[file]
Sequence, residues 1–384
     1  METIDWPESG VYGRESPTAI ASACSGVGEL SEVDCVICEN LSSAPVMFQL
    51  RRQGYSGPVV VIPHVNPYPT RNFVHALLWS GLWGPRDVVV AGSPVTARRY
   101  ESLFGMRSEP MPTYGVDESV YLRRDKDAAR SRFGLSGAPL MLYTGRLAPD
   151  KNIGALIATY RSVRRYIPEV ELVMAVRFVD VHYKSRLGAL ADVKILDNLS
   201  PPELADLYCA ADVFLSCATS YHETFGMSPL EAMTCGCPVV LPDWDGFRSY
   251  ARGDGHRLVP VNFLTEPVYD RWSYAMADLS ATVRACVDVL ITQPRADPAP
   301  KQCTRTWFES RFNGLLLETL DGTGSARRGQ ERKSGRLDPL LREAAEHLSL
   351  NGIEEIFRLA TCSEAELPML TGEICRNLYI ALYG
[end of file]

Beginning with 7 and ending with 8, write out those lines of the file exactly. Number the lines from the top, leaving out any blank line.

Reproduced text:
   251  ARGDGHRLVP VNFLTEPVYD RWSYAMADLS ATVRACVDVL ITQPRADPAP
   301  KQCTRTWFES RFNGLLLETL DGTGSARRGQ ERKSGRLDPL LREAAEHLSL